This morning at 8 a.m., the world held its breath, fearing the worst, yet hoping against hope that the venerable investment bank Lehman Brothers (NYSE:LEH) could survive the avalanche of subprime debt that threatened its profits. Two minutes later, the earnings release hit the wires and everyone breathed a sigh of relief. Not only had Lehman survived, but its earnings had beaten estimates, down only 3% from the year-ago quarter. The sound of corks popping from champagne bottles could be heard from New York to Tokyo. Everyone kissed and hugged. The world could now be at peace, because the subprime demon had finally been vanquished.

OK, so all that might be a bit over the top. But many eyes were on Lehman's earnings, because it was the first investment bank to report earnings for this quarter. Thanks to its small size and its reliance on bonds, it is perhaps more vulnerable to the subprime mortgage problems than are its larger competitors Goldman Sachs (NYSE:GS) and Morgan Stanley (NYSE:MS). Lehman's results might be a good indication of what's in store for the other investment banks, including the beleaguered Bear Stearns (NYSE:BSC).

While earnings were good, not all was rosy at Lehman Brothers. The company wrote down the value of its assets in its fixed-income segment by $700 million, reflecting the decreased value of mortgage-backed bonds on its books. Fixed-income revenue (including the writedown) decreased by 47% from the year-ago quarter. Luckily for Lehman, its revenue in all other segments was up big: 64% in equities, 48% in investment banking, and 33% in investment management.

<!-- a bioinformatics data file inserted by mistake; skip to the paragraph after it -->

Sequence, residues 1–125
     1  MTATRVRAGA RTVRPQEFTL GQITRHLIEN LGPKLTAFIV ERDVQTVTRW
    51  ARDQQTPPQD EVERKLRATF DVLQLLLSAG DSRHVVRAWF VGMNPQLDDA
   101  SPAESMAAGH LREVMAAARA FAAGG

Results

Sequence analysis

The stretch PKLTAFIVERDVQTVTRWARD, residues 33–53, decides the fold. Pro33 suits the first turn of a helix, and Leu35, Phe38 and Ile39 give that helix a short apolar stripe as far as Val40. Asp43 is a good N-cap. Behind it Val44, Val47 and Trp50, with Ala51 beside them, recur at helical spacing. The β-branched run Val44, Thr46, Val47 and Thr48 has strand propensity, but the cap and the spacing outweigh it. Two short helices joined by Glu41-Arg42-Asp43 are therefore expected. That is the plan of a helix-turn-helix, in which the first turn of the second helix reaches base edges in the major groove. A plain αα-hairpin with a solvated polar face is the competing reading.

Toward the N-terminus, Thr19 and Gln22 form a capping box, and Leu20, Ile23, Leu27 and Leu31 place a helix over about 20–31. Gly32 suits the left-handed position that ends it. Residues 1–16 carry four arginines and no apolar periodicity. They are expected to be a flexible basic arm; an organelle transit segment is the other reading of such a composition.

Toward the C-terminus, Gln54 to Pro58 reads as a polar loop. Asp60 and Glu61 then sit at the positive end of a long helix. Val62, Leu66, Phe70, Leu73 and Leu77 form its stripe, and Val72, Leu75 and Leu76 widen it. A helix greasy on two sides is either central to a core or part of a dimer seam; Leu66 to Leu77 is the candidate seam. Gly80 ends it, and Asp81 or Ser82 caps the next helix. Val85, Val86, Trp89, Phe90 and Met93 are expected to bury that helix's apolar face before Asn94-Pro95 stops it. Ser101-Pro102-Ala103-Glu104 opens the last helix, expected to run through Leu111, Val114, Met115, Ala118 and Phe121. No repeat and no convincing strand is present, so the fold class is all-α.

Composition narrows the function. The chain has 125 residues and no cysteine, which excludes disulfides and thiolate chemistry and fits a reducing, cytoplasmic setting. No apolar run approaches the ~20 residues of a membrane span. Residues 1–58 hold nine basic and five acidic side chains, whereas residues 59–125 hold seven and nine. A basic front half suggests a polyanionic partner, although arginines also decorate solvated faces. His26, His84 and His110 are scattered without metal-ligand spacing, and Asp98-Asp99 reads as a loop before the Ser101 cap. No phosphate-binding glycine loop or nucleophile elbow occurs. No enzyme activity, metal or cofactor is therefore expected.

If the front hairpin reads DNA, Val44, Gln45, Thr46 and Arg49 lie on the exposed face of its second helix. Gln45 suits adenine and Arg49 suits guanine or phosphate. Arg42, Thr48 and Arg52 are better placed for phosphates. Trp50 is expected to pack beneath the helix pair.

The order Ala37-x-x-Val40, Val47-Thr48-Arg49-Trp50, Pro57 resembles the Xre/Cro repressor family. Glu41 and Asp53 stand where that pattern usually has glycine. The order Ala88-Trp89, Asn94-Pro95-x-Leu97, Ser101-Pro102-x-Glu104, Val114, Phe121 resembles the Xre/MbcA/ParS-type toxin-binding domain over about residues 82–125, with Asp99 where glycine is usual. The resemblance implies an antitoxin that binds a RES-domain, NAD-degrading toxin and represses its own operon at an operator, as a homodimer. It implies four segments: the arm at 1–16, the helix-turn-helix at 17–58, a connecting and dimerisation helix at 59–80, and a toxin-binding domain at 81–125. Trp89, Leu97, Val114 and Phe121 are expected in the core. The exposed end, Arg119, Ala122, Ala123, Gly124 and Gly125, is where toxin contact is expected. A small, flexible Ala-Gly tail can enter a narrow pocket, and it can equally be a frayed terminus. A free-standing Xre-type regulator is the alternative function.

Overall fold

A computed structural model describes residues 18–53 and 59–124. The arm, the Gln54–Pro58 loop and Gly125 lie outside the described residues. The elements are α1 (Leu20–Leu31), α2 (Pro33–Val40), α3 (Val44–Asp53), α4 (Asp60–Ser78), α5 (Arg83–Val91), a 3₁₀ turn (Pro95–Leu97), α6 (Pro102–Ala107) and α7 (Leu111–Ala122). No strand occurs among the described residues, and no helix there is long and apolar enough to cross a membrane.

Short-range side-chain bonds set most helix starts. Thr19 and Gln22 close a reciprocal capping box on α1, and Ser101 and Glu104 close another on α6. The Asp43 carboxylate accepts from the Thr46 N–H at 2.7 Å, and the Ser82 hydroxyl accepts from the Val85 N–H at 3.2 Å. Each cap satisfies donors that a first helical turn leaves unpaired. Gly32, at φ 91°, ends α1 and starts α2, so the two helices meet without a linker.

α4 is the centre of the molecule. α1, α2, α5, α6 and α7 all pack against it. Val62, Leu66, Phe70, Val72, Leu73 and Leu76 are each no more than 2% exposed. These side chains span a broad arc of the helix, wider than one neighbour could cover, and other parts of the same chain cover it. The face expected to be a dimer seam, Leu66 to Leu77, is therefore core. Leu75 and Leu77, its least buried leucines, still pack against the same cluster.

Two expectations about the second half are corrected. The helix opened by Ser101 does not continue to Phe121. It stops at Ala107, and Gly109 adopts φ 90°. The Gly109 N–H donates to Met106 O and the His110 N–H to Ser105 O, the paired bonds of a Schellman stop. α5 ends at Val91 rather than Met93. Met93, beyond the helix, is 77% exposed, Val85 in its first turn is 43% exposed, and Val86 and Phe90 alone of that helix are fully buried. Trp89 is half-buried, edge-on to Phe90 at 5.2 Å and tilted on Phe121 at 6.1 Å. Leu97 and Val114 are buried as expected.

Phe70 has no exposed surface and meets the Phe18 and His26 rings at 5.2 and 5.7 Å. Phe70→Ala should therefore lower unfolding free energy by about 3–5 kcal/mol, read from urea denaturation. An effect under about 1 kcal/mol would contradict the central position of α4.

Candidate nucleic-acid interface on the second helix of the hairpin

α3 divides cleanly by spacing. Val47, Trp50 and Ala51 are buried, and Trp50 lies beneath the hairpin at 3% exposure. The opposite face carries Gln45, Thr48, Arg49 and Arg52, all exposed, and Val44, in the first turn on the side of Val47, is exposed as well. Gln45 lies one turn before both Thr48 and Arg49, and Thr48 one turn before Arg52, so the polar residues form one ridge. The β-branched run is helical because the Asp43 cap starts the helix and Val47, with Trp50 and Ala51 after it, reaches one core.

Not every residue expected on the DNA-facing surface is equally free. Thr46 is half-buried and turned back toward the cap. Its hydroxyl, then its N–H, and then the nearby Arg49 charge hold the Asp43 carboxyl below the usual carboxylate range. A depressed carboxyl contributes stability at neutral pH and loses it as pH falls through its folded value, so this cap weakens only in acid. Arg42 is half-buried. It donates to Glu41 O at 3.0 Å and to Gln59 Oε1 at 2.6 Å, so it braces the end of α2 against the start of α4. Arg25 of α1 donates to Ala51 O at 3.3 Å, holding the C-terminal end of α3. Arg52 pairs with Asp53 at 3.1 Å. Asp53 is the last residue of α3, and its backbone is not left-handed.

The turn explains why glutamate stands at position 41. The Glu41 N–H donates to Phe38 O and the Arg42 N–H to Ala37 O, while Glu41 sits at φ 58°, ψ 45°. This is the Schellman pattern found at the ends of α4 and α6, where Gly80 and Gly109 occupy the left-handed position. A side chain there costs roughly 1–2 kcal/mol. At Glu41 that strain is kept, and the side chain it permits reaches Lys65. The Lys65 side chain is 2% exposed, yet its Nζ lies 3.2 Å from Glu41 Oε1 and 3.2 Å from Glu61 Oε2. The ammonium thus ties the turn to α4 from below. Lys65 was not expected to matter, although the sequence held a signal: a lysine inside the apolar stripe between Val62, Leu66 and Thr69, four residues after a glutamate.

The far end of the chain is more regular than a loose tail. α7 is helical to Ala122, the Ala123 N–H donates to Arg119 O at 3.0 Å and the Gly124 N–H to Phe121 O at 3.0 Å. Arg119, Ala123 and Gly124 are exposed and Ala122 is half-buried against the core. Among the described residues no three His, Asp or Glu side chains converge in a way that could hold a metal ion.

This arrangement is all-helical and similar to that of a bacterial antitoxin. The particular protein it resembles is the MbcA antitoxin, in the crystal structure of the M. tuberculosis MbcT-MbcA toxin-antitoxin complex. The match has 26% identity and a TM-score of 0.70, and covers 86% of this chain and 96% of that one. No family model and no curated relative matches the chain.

The worst may not be over for Lehman. If subprime mortgages, and the mortgage-backed bonds derived from them, continue to suffer high defaults and low market prices, the bank may be forced to further write down the value of its bonds in the next quarter. This would be especially likely if the economy were to enter a recession and many mortgage borrowers lost their jobs. Also, leveraged buyouts and other mergers and acquisitions have already declined sharply. Next quarter's investment-banking revenue should drop significantly thanks to this dearth of deals.

Overall, not a bad quarter. But it might be too early to start celebrating the demise of that subprime demon.

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Fool contributor Michael Goode is an investor who lives in St. Louis. Going by the handle EverydayInvestor, he is one of the top 50 players on Motley Fool CAPS. He has no position in any company mentioned. The Fool's disclosure policy enjoys confetti and parades.